POCATELLO, Idaho (KIFI/KIDK) - As residents and staff of Idaho's long term care facilities get their first dose of the Covid-19 vaccine, area pharmacists are preparing for the next phase of vaccinating our vulnerable population.
Ed Snell's Pharmacy Shop in Pocatello expects to have their first 2,000 doses of the vaccine in hand by the end of January. However, according to clinical pharmacist Dr. Debbie Marchetti, the expected arrival date for the vaccine is ever-changing.
The CDC is recommending a phased approach to distributing the new vaccines, since there is a limited supply while companies work to enhance production.
Idaho is currently in Phase 1A; the vaccine goes to healthcare personnel and long-term care facility residents.
“The second roll out, the one we’ll be in (Phase 1B), is going to persons 75 and older and those other front line workers that are needing to be vaccinated,” Marchetti said.
When pharmacies do receive their vaccine shipment, those who qualify to get the vaccine first will have to make an appointment and plan to stay 15 minutes after getting the shot. The CDC recommends those with a history of severe allergic reactions should stay 30 minutes after their shot.
“The standard is that when you get a vaccine you haven’t had before, you have to wait around for 15 minutes to be observed for any types of complications or reactions to the vaccine,” Marchetti said.
There have been a few reports of people having allergic reactions to the Covid-19 vaccine. The CDC is monitoring those incidents.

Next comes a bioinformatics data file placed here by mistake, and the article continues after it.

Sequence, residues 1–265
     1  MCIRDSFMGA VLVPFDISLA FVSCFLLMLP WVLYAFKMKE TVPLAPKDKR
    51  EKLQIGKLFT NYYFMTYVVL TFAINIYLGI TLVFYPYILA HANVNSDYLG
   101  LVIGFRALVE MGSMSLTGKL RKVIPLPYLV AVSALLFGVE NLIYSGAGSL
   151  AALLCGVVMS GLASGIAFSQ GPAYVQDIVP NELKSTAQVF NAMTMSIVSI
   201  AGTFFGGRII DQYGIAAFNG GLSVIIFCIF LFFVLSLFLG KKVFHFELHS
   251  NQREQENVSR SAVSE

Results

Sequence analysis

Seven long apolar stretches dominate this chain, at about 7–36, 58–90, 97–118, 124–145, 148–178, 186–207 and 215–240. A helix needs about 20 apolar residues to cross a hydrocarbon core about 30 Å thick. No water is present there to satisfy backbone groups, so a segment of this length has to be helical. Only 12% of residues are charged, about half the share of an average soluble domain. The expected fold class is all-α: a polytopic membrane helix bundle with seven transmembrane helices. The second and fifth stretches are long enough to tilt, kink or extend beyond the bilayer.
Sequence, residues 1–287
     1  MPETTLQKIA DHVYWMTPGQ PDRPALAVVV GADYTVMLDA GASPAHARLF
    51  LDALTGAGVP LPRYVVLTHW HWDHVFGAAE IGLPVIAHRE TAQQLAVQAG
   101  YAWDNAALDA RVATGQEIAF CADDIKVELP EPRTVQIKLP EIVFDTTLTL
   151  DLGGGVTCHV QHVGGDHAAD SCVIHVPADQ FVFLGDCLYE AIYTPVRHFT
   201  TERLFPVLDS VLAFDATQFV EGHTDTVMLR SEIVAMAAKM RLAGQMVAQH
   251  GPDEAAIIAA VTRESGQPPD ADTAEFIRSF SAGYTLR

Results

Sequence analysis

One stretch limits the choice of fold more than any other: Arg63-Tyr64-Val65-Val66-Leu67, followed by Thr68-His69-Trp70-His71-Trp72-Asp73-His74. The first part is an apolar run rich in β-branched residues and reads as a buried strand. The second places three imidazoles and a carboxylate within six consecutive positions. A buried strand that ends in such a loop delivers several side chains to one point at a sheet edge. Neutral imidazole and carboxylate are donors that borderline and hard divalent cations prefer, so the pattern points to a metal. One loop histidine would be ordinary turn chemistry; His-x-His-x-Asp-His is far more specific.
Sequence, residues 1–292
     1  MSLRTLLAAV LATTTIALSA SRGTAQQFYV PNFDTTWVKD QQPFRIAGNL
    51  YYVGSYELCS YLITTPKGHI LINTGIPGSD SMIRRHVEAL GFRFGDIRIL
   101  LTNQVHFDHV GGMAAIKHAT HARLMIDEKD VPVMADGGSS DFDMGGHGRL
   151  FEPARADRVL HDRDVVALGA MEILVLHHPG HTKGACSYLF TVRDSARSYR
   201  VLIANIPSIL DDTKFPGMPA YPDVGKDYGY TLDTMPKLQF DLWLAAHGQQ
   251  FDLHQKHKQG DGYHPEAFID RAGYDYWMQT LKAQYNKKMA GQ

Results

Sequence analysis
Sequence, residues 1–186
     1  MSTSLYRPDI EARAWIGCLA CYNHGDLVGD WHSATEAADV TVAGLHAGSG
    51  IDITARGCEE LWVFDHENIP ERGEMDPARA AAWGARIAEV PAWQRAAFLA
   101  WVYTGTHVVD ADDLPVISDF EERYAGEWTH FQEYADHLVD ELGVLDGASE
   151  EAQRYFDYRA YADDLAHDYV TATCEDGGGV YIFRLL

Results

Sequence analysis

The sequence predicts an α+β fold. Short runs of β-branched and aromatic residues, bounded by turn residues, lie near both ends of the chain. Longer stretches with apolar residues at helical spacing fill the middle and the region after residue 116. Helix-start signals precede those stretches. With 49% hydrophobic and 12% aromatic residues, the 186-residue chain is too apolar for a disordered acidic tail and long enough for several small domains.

"It is important to understand that these 2 vaccines (Moderna and Pfizer) were released on a EUA (Emergency Use Authorization). This means that we do not yet have long term data on the vaccine. The data thus far shows no difference than other vaccines," Marchetti said.
The most common side effects are injection site pain, fatigue, headache, muscle and joint pain. Some have reported a fever. Side effects are more common after the second dose.
Administering the Covid-19 vaccine will be similar to how pharmacies give flu, HPV, chickenpox and other vaccines.
“There really isn’t any difference," Marchetti said. "It’s still the same guidelines as a regular vaccine."
Patients should not expect to be billed for getting the Covid-19 vaccine.
“The vaccine is free to all the population,” Marchetti said.
Pharmacies can bill patients' insurance companies for the work of administering the vaccine, but insurance can not charge the patient any copay. People who don't have insurance will not be charged.
“There’s not going to be anybody that is turned away, regardless for not having insurance,” Marchetti said.